When he defines these moral rules, he characterizes them in the form of imperatives – the hypothetical imperative and categorical imperative. While hypothetical imperatives deal with motivations and actions that lead to a particular end, categorical imperatives are a product of rational behavior in human beings. Kant considers such categorical imperatives to be the moral basis for life. As a result, when a person who is “cold and indifferent to the sufferings of others’ does an action that elicits a positive response from someone by helping them, he is more morally worthy according to Kant. Such a person does this action even when he does not want or feel like doing that action.
The moral debates continued to see good as merely that which gives happiness or pleasure. "…it was assumed that what we ought to do is always a function of what it would be good to bring about: action can only be right because it produces good (J.B. Schneewind 'Modern Moral Philosophy'). It was the breaking away from this idea that was perhaps the most important aspect of the works of both Immanuel Kant (1724-1804) and David Hume (1711-1776). Hume's moral theory arose out of his belief that reason alone can never cause action. Desire or feelings cause action.
However, if an unfortunate man, wishes for death and yet preserves his life - not from inclination or fear, but form duty, then his maxim indeed has a moral content. Moreover, Kant’s theory of duty can always be traced back to the theory of universalized maxim. According to Kant, “An action done from duty has its moral worth, not in the purpose that is to be attained by it, but in the maxim according to which the action is determined.” (Kant, pp12) Therefore, to sum up, an action has no moral worth if it is not done from duty, but just because an action is done form duty doesn’t necessarily mean it has its moral worth; the maxim that determined this action has to at the same time be able to become a universal law of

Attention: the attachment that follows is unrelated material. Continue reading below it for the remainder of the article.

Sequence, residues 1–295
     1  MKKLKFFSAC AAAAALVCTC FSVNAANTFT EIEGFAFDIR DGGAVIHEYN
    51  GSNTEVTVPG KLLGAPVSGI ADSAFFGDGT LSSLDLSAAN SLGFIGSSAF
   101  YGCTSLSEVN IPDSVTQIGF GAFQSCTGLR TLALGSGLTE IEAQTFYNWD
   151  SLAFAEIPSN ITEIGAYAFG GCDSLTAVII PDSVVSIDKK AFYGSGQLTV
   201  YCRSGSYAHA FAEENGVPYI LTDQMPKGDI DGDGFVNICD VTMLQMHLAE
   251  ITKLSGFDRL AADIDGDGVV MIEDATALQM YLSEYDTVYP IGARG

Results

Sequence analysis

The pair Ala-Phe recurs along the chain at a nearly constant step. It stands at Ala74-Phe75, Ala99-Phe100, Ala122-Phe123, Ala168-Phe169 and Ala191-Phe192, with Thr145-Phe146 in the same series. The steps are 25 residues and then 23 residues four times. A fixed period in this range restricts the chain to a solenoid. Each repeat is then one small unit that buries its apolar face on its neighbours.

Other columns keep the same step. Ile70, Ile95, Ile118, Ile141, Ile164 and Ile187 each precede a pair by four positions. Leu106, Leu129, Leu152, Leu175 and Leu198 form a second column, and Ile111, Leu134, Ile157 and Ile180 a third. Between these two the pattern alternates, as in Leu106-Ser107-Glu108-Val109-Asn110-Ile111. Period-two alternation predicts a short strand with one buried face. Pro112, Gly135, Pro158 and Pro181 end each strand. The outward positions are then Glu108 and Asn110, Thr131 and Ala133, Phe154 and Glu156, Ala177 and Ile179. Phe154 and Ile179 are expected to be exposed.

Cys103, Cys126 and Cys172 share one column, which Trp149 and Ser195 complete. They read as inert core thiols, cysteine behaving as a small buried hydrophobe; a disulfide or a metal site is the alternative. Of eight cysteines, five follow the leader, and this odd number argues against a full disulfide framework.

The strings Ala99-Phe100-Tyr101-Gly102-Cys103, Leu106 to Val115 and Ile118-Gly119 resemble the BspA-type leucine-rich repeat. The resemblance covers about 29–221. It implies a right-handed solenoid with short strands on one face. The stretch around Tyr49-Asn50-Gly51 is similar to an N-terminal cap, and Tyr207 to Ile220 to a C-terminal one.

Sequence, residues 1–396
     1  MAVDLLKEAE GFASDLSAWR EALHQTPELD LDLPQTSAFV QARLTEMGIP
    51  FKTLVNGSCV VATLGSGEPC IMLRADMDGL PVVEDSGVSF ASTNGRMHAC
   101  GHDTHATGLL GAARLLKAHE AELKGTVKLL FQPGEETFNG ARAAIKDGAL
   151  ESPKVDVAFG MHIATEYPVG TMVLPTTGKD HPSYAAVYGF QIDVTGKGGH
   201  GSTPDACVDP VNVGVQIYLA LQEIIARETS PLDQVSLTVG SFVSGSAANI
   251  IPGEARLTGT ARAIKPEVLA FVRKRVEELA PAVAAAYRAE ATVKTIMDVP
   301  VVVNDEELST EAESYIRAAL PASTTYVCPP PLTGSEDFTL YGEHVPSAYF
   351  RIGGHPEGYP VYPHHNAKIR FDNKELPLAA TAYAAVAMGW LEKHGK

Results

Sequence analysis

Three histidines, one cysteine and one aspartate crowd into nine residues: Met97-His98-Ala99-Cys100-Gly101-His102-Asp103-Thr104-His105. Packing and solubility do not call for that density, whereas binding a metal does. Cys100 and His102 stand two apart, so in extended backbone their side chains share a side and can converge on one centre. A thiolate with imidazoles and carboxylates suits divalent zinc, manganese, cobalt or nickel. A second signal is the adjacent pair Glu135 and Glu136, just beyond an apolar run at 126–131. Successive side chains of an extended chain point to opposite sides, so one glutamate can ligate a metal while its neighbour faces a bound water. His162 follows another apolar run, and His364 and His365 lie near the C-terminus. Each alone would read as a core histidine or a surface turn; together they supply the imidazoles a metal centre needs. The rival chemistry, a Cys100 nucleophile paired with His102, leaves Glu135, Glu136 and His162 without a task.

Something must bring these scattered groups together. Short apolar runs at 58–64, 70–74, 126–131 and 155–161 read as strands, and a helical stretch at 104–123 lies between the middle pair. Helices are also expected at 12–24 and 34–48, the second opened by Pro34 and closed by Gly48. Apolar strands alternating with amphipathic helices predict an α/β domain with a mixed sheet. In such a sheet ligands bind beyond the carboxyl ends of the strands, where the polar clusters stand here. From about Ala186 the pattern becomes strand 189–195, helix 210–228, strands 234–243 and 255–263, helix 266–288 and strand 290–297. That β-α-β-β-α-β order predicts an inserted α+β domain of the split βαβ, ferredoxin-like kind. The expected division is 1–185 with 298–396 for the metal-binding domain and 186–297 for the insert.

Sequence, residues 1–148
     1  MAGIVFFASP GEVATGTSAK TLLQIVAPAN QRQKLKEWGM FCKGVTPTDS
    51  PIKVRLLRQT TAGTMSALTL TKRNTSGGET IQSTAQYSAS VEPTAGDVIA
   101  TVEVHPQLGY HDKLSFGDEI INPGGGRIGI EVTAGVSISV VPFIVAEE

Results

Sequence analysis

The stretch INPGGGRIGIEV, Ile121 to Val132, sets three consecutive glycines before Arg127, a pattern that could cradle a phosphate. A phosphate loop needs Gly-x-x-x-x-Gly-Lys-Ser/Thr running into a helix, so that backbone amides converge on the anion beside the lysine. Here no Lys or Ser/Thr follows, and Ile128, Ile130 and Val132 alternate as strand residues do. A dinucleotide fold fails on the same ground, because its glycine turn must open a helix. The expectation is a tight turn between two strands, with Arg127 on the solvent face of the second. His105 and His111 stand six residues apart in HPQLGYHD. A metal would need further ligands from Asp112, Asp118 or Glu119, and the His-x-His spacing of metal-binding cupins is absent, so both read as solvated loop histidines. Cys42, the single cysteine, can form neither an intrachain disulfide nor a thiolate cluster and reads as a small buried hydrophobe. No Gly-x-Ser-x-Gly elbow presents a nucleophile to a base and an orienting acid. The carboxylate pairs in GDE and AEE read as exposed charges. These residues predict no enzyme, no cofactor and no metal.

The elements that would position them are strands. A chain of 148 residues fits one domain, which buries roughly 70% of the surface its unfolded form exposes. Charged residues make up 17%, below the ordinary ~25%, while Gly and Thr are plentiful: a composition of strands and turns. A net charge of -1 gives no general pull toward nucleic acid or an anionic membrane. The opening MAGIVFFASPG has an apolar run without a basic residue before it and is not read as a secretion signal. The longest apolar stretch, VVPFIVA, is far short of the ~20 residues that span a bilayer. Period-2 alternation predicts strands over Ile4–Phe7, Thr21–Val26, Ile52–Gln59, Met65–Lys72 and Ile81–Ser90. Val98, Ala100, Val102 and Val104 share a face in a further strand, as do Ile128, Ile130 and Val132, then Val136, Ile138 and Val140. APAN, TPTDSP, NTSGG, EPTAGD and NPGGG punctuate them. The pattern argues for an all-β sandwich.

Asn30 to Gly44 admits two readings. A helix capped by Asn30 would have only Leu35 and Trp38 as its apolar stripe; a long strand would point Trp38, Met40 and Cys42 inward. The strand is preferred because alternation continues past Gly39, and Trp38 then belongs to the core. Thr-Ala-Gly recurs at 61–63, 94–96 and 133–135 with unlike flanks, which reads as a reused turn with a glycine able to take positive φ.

Kant does not believe reaching happiness is the main goal of life, but instead doing good with a sense of duty is. Kant says, “A good will is good not because of what it effects or accomplishes… it is good only through its willing, i.e., it is good in itself” (Kant, First Section). Kant’s claim is very strong because it doesn’t allow for any adaptations. From this, he creates two imperatives, the hypothetical and the categorical. Following the categorical imperatives is what eventually will make one virtuous because they are universal laws or commands to being
Patrick is a perfect example of Kant’s standard for morality by his action from and in accord with duty. In this essay, Kant’s theory will be explained and then applied to the actions of both Patrick and Doyle. Kant explores the good will which acts for duty’s sake, or the sole unconditional good. A good will is not good because of any proposed end, or because of what it accomplishes, but it is only good in itself. The good will that is good without qualification contains both the means and the end in itself.